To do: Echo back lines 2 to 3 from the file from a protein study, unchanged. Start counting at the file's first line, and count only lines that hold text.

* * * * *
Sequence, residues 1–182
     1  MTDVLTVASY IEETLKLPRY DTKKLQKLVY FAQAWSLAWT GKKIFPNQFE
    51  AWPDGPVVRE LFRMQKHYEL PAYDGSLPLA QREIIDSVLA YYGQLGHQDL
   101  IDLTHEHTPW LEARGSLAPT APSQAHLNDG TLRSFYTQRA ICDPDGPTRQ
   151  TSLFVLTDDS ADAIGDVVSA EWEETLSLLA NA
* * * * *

     1  MTDVLTVASY IEETLKLPRY DTKKLQKLVY FAQAWSLAWT GKKIFPNQFE
    51  AWPDGPVVRE LFRMQKHYEL PAYDGSLPLA QREIIDSVLA YYGQLGHQDL